Three years after reporting the first pilot results from his Global Ocean Sampling (GOS), J. Craig Venter and colleagues have published a major new metagenomic survey of marine life.
J. Craig Venter’s GOS has sequenced 6.3 billion base pairs of DNA and identified 1.2 million new genes, according to three papers published this week in the open-access journal, PLoS Biology.
“Our results highlight the astounding diversity contained within microbial communities, as revealed through whole-genome shotgun sequencing carried out on a global scale,” Venter and co-authors, led by Douglas Rusch. “Our ability to make these observations derived from not only the large volumes of data but also from the development of new tools and techniques to filter and organize the information in manageable ways.”
The papers report the results of the 8,000 km journey of the Sorcerer II, Venter’s “floating lab,” that began sampling marine microbes from Nova Scotia to French Polynesia in February 2003. After the Sargasso pilot study (see “Venter Makes Waves Again,” Bio-IT World, April 2004), Venter sailed down the eastern coast of North America, the Caribbean, through the Panama Canal, and into the South Pacific. The team dropped anchor every 200 miles to collect ocean samples, including sampling in several locations around the Galapagos Islands.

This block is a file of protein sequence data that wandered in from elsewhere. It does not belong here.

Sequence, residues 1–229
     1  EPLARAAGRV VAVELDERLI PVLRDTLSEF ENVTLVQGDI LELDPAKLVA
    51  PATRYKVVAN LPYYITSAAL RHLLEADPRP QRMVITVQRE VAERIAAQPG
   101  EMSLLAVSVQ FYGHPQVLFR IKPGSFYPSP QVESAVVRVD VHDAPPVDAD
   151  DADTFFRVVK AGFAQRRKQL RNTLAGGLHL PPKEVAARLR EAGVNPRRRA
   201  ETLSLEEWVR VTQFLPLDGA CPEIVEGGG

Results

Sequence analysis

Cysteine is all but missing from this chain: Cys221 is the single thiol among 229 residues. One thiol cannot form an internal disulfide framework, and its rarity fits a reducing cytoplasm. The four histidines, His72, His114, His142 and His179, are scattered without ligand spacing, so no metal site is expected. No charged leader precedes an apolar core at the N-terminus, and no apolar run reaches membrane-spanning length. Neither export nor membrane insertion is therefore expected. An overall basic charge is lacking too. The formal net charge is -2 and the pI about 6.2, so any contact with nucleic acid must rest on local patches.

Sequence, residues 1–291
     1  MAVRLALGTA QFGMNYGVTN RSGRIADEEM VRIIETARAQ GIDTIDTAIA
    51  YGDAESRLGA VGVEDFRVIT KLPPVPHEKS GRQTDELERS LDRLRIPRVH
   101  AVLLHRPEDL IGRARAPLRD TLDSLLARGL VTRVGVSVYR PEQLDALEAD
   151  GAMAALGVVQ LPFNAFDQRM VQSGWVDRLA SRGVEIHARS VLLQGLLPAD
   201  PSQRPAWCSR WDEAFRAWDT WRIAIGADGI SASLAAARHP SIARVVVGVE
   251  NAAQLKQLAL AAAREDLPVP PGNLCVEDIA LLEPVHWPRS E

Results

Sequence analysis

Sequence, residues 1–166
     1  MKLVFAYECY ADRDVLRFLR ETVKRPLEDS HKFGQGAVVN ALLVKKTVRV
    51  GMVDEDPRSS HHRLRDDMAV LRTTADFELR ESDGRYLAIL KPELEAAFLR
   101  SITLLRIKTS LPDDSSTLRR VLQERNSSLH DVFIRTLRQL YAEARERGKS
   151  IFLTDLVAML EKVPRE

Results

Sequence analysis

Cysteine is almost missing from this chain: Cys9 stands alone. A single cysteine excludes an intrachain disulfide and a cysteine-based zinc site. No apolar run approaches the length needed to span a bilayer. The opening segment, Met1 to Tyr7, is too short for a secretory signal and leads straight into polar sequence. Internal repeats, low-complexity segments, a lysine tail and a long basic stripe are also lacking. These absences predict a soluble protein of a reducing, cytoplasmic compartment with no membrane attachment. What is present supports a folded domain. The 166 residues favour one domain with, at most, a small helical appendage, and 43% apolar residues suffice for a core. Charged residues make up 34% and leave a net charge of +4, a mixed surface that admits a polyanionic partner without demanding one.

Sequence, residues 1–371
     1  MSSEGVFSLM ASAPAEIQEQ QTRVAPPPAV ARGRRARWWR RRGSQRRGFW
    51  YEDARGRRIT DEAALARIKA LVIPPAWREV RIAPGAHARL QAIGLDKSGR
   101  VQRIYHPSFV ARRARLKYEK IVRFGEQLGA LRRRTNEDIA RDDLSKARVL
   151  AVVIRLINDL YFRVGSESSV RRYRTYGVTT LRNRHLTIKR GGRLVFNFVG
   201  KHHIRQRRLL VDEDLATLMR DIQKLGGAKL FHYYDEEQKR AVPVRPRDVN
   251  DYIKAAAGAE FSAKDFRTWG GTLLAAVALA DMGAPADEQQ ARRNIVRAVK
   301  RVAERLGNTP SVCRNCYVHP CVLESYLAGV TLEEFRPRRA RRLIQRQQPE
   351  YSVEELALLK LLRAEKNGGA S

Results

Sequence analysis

The group studied 41 samples (including data from the pilot study) of marine planktonic microbiota collected from water at the ocean’s surface, about one foot deep in Ecuador, to more than 4,500 meters deep off of Mexico’s Yucatan Peninsula. The filtered samples were subject to genome shotgun sequencing and assembled using a modified version of the Celera Assembler program.
The results were astonishingly varied. Scientists made 7.7 million sequencing reads covering 6.3 billion base pairs of DNA. 85% of the data was assembled into sequences and 57% of the data that wasn’t assembled was unique according to a 98% cutoff. Researchers identified genes for a total of more than 6 million proteins covering nearly all prokaryotic protein families with some representing new families.
Within the abundant species found, the study showed many changes in genes across the data that suggest evolutionary adaptations, and genetically isolated populations that showed evidence for distinct environmental preference among the organisms.
For example, Rusch said, “some samples were similar to each other but geographically separated.” Some cyanobacteria found in the Caribbean and in the Pacific west of Central America were identical except for higher levels of phosphate binding proteins. “The Atlantic reads had the higher abundance of phosphate proteins,” recalls Rusch. “You can’t tell the populations apart from the Atlantic and Pacific except for the phosphate-binding proteins.”
The phosphate-binding proteins are an example of specific functional adaptations that could be seen across species and the population as a whole. Other populations showed adaptations for proteorhodopsin spectral tuning using light to trigger a H+ pump.
For the full text, please see:
Email Allison Proffitt.
Subscribe to Bio-IT World magazine.